The plan for our front yard is currently going through a bit of a shift, mostly because of the neighbors to the north of us: It is a rent house with two 20-something guys (referred to by some of the other neighbors as Bevis and Butthead) who are in a metal band, work(-ish) in construction, and are living what could be called an extended adolescence. Loud band practice at 1:30 AM, wafting pot smoke, firecrackers in the middle of the night, beer bottles on the sidewalk, grass two feet high, trash all over the front stoop, trucks occasionally parked in the yard, etc… They are nice enough guys to talk to, but we don’t want to look at that every day. So, we have left the two 10’ tall rhodies on the north fence until either they move or accidentally burn their house down in the middle of the night while lighting the bong. The Belgium fence of heirloom apples and roses is on hold until then. Additionally, I had wanted to rip out the two rhododendron bushes in the front and replace them with red and white azaleas – Laurel made me wait until they bloomed and she was right, they are beautiful and they get to stay. We are going to thin them some after they are finished blooming and will plant just two white azaleas on each front corner of the house.
I have been watering and potting and weeding in the back a little when I get home in the afternoons and this is exactly the bliss that I had imagined and wanted when we put the offer in on Casa d’ Talley in June of last year. Gathering sticks and string for our nest…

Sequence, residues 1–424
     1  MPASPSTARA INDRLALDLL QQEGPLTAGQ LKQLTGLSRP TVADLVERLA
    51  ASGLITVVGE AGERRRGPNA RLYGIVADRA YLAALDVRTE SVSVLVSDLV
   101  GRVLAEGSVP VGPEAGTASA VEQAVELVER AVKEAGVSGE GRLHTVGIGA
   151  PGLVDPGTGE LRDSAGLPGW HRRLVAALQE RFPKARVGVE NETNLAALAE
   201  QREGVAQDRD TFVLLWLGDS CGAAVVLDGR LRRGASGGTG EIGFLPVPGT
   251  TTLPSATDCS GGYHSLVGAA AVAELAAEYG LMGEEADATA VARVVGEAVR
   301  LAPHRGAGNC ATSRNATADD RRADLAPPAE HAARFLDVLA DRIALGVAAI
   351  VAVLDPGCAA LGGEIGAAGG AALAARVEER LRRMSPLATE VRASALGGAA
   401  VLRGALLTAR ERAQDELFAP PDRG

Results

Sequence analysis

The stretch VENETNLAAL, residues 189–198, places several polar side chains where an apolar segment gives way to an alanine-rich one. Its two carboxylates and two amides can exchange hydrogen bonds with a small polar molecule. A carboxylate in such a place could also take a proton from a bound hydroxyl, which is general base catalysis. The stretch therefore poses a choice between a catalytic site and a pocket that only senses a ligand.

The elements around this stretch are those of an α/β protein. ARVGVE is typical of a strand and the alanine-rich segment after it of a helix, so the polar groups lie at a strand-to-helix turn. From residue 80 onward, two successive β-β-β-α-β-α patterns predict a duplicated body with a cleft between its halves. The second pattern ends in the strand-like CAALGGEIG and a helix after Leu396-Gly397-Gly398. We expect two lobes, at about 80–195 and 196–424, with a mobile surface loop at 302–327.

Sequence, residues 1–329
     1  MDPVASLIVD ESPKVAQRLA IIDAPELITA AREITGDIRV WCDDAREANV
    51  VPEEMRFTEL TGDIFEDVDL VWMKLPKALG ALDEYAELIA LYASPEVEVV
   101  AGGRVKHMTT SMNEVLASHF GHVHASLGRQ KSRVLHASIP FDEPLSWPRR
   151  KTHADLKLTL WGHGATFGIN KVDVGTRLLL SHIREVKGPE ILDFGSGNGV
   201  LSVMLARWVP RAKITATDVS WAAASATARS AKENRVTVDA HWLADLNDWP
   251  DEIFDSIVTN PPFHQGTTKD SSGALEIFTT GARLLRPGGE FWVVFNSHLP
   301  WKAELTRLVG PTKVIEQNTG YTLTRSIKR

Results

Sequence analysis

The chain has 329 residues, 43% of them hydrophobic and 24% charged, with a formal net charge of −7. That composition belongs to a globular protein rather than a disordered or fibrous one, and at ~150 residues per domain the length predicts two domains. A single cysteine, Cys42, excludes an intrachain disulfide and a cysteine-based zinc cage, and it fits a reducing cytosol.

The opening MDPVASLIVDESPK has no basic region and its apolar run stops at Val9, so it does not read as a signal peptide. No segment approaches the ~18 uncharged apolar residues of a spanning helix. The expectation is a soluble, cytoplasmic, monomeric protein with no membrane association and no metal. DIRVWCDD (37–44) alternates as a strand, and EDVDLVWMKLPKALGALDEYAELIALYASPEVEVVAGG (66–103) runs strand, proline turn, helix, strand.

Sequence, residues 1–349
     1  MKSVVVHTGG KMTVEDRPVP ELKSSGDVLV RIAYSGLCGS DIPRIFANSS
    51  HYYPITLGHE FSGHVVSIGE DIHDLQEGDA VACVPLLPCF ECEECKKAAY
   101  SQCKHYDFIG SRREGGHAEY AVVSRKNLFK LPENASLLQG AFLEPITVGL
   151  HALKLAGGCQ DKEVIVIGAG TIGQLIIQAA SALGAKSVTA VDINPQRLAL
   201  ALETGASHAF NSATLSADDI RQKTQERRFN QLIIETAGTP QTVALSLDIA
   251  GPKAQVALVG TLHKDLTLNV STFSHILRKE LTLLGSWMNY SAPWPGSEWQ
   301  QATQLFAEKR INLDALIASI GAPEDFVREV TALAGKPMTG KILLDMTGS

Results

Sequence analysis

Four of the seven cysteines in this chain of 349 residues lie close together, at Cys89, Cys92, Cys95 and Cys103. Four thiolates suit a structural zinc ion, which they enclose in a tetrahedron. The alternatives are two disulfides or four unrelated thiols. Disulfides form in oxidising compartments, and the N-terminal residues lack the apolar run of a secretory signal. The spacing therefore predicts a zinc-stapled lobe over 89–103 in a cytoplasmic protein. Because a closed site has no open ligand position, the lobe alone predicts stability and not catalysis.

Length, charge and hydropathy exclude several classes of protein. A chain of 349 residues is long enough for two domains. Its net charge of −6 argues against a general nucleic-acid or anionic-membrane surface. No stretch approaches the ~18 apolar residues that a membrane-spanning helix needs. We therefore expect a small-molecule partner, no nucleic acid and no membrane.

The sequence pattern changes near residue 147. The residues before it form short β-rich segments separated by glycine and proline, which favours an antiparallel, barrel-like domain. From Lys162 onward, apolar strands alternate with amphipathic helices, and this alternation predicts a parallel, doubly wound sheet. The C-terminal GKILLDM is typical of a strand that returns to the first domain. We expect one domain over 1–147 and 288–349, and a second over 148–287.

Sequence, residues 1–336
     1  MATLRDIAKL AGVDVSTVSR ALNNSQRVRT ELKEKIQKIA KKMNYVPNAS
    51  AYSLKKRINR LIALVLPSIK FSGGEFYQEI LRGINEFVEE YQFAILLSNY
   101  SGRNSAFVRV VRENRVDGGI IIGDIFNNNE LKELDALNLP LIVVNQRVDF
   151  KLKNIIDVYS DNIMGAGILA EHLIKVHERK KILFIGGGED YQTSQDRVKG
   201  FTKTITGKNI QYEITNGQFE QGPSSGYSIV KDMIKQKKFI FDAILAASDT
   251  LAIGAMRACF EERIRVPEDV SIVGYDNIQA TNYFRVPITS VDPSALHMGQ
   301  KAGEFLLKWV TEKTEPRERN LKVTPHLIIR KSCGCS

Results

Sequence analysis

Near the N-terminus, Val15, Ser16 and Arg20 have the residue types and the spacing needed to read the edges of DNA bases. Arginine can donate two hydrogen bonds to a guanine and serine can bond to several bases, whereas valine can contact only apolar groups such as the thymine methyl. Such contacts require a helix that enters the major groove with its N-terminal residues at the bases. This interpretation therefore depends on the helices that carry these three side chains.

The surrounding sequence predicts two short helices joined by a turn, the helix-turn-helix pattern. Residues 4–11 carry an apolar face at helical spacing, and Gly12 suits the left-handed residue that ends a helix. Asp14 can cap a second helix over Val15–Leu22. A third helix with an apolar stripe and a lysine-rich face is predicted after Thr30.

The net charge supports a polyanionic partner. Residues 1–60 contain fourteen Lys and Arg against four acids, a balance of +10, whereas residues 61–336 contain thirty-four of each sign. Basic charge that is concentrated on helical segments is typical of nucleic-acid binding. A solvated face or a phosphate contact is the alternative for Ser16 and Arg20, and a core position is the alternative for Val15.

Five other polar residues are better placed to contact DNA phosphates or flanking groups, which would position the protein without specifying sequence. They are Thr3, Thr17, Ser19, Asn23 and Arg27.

It is windy and raining today and we are sitting inside snuggling with the heater in the living room, but the weather last weekend was nice enough for us to get out and ride our bikes to the city center on Saturday and to Altona the next day for coffee and books. My muse/wife was also gracious enough to let me snap a few pictures of her. She is her own special Betty Crocker/Jenna Jamison/Laurel stew and I couldn’t ask for a better friend or wife or partner in crime.
Earlier this summer, Laurel (my amazing wife) and I took her bike to the shop to have it repaired – warranty issue. While there, we saw a Penny Farthing (also called a Hiwheel or a Bone Shaker) in the window of the shop with a price tag on it. You NEVER see these things for sale! Some guy will have one is his window as advertising or just to be cool, but they never sell them. Well, we found a place that did. Laurel wouldn’t let me leave the shop without taking this baby home: that is how cool she thought it was. She even let me stay in the shop stroking it sweetly as she went to an ATM to get cash. I love my wife!
I am not going to tell you what she paid for it, but it wasn’t much. We had to walk my “new” bike home because I was wearing flip-flops. About halfway there she looked over and asked me, “Umm, can you actually ride this thing?” Fvck yes I can!! I went right home, put some real shoes on, and took it for a cautionary spin around a local school yard to practice mounting and un-mounting – it has been about 22 years since I was shown how by a visiting clown at my elementary school. Just like riding a bike…
After a few adjustments, I rode the thing from the house to downtown Hamburg, around the Klein Alster Lake and back – about ten miles. I turned heads and made people smile and wave (neither is a common site in Hamburg) wherever I went. I even let some old guys have their picture taken with it. Not a chick-magnet, but it pulls old dudes out of the woodwork to talk about classic bikes. I had a lot of fun that first day, but paid a high price. The seat that came with the bike was an old unicycle saddle with no springs to cushion the cobblestones and bumps. I ended up getting a blister on the tip of my tailbone that hurt so bad I couldn’t ride any of my regular bikes for a week.
Our first ride together
My Boneshaker on the Alster in Hamburg